On off-highway exploration of some sandy and rocky arroyos the SUV heritage came to the fore. GM's all-wheel-drive system, called Versatrak, requires no input from the driver. Versatrak drives just the front wheels until sensors agree that some traction assistance from the rear is advisable. Now this is where the Versatrak is really clever: Power is meted out separately and individually to the rear wheels, not just to the rear axle. That is a fineness of traction disbursement not available in most other four-wheel-drive systems. The result is better traction and increased stability, making the Rendezvous more capable in the snow and easier to drive in the slush.
Overall, the road demeanor of the Rendezvous is pleasing. It stopped well, accelerated with reasonable aplomb (can't everything use more power?) and was quiet for an SUV, though a little road-noisy by luxury sedan standards.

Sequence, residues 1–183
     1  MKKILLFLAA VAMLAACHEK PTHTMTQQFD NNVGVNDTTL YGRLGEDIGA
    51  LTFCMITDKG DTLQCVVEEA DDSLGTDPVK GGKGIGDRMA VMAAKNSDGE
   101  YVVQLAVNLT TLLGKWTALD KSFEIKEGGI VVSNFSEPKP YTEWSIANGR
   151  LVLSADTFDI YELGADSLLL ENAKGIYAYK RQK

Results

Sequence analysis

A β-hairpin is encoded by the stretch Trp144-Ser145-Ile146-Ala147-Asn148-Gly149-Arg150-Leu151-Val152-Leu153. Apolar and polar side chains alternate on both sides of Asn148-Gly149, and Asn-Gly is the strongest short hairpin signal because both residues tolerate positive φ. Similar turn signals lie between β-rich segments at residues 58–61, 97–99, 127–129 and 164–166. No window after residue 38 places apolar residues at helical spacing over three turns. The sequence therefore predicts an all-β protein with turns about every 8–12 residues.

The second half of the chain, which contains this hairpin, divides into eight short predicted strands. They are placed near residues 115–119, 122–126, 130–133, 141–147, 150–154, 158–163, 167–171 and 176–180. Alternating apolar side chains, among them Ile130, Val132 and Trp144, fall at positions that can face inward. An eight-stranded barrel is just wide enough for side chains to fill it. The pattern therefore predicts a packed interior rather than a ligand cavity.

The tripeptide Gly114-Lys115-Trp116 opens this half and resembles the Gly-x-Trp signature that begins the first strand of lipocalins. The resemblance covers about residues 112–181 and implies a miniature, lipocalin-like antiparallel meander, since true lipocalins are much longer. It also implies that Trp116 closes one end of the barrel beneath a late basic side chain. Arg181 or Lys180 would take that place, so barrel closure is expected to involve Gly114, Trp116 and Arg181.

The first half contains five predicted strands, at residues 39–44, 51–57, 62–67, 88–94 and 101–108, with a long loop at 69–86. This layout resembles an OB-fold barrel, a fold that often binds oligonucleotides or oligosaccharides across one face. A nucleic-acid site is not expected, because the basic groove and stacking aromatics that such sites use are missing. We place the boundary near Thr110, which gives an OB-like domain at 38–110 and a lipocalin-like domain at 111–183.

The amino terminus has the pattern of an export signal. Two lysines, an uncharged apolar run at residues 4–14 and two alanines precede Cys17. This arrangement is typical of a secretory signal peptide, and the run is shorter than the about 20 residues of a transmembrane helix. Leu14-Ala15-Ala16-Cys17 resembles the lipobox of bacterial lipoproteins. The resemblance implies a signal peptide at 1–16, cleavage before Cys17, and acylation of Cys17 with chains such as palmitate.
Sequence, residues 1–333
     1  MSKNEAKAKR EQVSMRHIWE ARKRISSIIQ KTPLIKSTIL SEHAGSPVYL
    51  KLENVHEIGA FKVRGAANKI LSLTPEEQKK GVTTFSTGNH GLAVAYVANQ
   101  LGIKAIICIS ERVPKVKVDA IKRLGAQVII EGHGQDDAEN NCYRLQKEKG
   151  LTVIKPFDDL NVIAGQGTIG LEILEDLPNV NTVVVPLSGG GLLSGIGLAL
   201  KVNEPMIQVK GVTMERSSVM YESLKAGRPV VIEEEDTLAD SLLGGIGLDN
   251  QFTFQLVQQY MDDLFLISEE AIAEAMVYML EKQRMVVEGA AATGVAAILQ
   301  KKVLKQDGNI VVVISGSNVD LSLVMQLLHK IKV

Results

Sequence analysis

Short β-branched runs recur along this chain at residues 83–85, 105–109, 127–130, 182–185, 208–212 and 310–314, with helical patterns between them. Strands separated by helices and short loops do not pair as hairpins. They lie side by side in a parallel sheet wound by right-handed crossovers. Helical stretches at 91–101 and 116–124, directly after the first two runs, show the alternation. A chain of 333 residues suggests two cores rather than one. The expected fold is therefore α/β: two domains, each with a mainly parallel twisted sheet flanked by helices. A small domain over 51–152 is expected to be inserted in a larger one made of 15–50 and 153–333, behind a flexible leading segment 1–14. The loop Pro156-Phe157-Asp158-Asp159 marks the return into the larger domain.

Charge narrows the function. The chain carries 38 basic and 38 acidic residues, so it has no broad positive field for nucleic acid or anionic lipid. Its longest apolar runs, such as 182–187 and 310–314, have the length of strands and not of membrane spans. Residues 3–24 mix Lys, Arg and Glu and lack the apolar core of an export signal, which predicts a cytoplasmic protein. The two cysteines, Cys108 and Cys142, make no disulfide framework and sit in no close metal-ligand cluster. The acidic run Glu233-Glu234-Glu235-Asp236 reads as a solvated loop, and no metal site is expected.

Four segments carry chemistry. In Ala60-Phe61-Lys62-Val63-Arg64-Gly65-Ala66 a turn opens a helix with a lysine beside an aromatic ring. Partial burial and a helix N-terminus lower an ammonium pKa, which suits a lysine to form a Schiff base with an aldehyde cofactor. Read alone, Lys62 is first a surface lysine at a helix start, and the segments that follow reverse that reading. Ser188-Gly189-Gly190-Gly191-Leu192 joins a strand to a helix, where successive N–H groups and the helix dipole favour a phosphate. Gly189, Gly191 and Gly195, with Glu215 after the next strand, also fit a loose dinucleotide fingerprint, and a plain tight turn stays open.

The Rendezvous deserves a look on the basis of economy alone. In the first place it uses regular unleaded gas, not premium. Its thirstiness is temperate for its size: 22 miles per gallon on the highway for the Versatrak, 24 mpg for the front-wheel-drive models.
But where the Rendezvous really shines is in the window sticker department: Fully outfitted it is priced some $6500-$8000 below such all-wheel-drive vehicles as the Lexus 300 RX and the Acura MDX (and the Lexus does not have three rows of seats).
But the vehicle's flexibility, ease and variety of use are also strong points in its favor. If this be crossover, bring 'em on.
© New Car Test Drive, Inc.